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County’s Master Gardeners award children learning to sow and grow

The growing fields belonging to Hagerman Farms for the past 100 years on Loyalist Parkway, just outside Picton, seemed an appropriate location to announce the winners of this year’s Children’s Garden Award.

Located across the road from the iconic farm stand, it’s an area few get to see, excepting the many farm workers who tend the sprawling acres of fields.

Jody Hagerman

Jody Hagerman explained how it was the original part of the farm that began in 1905, then added to over the years.

Organized by the Prince Edward County Master Gardeners, a not-for-profit volunteer community organization, the annual award, which began in 2018 and now in its fourth year, has been growing strong ever since, even with skipping a year in 2020 due to the COVID-19 pandemic.

Even more poignant in this ‘Year of the Garden’, the idea behind the free-to-enter contest is to create and plant a garden which must be maintained through the growing season by each participating child. While the children can ask for advice from parents, friends, the master gardeners or other sources, they are all required to do the work themselves.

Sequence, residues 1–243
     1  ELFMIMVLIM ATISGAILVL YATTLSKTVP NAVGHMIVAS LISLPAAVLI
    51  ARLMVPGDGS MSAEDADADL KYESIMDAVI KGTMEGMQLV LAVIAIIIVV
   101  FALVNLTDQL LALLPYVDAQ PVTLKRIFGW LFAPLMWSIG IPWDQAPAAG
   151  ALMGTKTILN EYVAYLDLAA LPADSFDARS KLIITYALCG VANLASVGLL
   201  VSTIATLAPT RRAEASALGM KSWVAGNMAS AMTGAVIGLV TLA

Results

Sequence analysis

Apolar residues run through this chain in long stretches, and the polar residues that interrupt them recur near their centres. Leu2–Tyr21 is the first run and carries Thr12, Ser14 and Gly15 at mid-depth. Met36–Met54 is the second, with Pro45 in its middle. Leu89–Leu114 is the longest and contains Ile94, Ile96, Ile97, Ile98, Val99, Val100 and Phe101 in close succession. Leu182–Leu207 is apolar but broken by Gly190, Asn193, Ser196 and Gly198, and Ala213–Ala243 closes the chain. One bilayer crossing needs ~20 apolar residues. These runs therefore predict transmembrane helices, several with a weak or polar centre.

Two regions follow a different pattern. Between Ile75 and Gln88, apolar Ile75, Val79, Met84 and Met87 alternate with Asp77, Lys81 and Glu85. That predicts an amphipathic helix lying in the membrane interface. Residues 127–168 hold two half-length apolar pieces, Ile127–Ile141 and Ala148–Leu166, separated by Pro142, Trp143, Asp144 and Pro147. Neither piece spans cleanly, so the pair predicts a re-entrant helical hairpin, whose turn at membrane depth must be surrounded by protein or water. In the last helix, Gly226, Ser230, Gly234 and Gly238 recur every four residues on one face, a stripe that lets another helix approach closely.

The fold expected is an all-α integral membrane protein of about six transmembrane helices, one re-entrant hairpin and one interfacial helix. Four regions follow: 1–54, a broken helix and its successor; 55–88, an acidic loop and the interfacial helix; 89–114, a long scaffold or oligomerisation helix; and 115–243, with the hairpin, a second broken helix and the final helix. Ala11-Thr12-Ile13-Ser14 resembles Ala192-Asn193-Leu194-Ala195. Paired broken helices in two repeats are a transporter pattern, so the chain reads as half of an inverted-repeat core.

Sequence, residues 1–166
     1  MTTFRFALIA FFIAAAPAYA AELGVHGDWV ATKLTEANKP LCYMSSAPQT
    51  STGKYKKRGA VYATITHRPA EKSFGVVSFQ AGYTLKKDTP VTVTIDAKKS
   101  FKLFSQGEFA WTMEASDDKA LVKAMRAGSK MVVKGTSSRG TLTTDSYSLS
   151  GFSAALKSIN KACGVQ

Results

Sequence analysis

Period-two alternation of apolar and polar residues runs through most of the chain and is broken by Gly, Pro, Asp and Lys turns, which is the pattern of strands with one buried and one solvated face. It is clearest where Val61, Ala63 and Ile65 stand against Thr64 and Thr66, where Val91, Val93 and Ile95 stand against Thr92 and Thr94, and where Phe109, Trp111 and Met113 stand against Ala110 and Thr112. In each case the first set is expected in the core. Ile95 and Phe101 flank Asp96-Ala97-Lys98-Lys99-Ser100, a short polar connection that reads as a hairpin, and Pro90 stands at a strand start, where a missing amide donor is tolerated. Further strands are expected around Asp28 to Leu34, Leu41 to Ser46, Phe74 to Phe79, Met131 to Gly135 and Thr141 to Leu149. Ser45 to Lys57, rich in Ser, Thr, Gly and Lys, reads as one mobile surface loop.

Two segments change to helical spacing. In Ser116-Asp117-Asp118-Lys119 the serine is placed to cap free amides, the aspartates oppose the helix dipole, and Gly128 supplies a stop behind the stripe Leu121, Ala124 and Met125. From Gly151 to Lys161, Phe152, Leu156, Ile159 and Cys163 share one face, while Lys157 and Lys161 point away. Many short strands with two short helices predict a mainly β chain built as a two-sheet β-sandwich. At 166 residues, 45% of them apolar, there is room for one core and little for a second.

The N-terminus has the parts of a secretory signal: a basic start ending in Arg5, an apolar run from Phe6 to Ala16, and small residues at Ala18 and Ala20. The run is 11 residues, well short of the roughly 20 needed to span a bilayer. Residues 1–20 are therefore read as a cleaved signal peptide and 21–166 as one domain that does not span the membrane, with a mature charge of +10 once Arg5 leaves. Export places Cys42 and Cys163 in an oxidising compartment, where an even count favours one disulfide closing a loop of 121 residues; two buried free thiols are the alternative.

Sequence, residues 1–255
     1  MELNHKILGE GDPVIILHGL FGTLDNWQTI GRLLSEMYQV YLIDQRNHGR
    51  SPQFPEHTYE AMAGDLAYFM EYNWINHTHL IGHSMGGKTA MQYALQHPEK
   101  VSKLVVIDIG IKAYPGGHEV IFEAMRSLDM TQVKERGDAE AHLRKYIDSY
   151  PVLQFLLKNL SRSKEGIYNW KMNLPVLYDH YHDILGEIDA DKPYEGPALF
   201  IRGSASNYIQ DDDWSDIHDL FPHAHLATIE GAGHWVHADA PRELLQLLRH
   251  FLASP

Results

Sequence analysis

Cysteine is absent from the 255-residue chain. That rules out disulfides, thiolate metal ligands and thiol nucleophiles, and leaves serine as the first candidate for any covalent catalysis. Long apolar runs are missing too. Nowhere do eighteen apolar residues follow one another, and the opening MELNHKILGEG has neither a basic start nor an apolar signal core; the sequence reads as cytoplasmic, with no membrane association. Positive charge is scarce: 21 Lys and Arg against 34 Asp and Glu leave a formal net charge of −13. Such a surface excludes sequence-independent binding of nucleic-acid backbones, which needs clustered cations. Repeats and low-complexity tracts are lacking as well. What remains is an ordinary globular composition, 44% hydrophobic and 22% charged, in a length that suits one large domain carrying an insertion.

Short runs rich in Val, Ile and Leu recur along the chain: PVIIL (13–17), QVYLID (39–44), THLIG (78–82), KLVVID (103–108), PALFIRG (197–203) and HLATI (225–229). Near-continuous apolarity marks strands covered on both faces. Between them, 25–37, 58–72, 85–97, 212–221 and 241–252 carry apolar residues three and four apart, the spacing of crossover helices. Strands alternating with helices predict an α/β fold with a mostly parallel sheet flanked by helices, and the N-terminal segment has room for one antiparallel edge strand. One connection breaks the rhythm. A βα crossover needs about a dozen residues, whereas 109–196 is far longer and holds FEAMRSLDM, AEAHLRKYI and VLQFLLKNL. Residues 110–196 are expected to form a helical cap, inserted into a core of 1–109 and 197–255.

The contest, which is intended to be a fun and enjoyable experience, is intended to help foster engagement with the natural world, but also to encourage the youngest members of the community to get involved in growing and to learn an appreciation for all it entails.

From planting in the spring to harvesting in fall, and all the stages and challenges in between, it is hoped the experience is an educational one bringing many teachable moments, such as responsibility, organization and patience, as well as achieving a sense of accomplishment for the young ones.

From left, Master Gardener Colette McKinnon, Jody Hagerman, with Master Gardeners Diane McDonald and Susan Warrack.

On a mild, early autumnal Saturday morning, it was all smiles and excitement as family and friends gathered in anticipation of the announced prize winners, where all contest participants were recognized for their significant effort.

Mabel Ray Richens, 12, was the overall trophy winner. Dad Mike Farrell shares this photograph noting it was taken in her garden, in the midst of their native species-focused meadow.

The 2022 Children’s Garden Award trophy was awarded to Mabel Ray Richens, age 12 (she will turn 13 this month). Engraved with her name, alongside previous winners, it will be on permanent display at the Picton Public Library. First prize also includes $100.

While Mabel Ray was unable to attend in person due to a prior commitment, the trophy was joyfully accepted in her absence by her seven-year-old sister, Sawyer Farrell, along with an equally joyful dad, Mike Farrell.

“I didn’t expect she would win, I can’t believe it,” exclaimed Mike. “She will be so thrilled because she doesn’t know.”